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ERIC Number: EJ889745
Record Type: Journal
Publication Date: 2010-Mar-4
Pages: 2
Abstractor: ERIC
Reference Count: N/A
ISBN: N/A
ISSN: ISSN-1557-5411
Healing Words
Pember, Mary Annette
Diverse: Issues in Higher Education, v27 n2 p22-23 Mar 2010
At first glance, Miami University in southwestern Ohio seems an unlikely spot for a major American Indian language and cultural preservation and revitalization project. There are no reservations in the state, nor is there a significant American Indian population. Yet, Miami University houses the Myaamia Project, a unique collaboration between academia and a sovereign tribe, the Miami Tribe of Oklahoma. This article discusses the significant role that the Myaamia Project plays in bringing back the culture and language of the Miami tribe and explores why learning the language now is part of the healing process of their oppressive history. The project was created in 2001 and conducts a large array of programs for Miami tribal citizens, Miami University students and academia at large. According to project director Daryl Baldwin, their cultural and language efforts are in direct response to the history of the Miami tribal members who experienced forced removal from ancestral homelands. He added that largely due to the work of the Myaamia Project, tribal members in Ohio and Oklahoma now speak a language that linguists declared dead in the 1960s.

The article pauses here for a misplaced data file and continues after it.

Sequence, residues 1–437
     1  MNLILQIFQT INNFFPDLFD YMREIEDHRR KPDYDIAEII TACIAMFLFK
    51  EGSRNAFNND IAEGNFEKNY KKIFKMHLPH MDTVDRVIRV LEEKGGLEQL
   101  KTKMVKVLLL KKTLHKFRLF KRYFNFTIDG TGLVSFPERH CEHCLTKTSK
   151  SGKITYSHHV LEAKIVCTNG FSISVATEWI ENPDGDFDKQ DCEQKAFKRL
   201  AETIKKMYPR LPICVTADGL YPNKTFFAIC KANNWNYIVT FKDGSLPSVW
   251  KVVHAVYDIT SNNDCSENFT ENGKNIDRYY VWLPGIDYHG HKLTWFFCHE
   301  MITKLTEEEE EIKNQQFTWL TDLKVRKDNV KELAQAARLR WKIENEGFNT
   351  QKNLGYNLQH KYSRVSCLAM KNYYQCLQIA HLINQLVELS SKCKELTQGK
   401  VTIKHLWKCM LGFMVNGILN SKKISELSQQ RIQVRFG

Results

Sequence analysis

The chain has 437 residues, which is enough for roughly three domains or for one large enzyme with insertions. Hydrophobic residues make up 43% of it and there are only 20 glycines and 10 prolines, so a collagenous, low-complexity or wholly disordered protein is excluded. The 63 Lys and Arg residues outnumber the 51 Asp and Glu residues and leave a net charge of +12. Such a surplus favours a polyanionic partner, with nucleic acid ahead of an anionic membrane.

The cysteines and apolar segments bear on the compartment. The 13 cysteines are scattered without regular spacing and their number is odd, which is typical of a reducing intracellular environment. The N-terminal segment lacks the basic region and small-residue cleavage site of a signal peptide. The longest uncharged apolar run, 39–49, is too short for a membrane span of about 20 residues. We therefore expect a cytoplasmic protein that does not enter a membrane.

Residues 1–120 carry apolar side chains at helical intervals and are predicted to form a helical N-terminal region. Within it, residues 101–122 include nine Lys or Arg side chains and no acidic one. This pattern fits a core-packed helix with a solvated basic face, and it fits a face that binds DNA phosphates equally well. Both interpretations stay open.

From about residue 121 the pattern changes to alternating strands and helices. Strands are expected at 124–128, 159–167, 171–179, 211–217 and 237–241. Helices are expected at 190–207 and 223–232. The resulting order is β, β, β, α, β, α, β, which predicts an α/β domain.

Cox, Matthews and Associates. 10520 Warwick Avenue Suite B-8, Fairfax, VA 20170. Tel: 800-783-3199; Tel: 703-385-2981; Fax: 703-385-1839; e-mail: subscriptions@cmapublishing.com; Web site: http://www.diverseeducation.com
Publication Type: Journal Articles; Reports - Descriptive
Education Level: Higher Education
Audience: N/A
Language: English
Sponsor: N/A
Authoring Institution: N/A
Identifiers - Location: Ohio; Oklahoma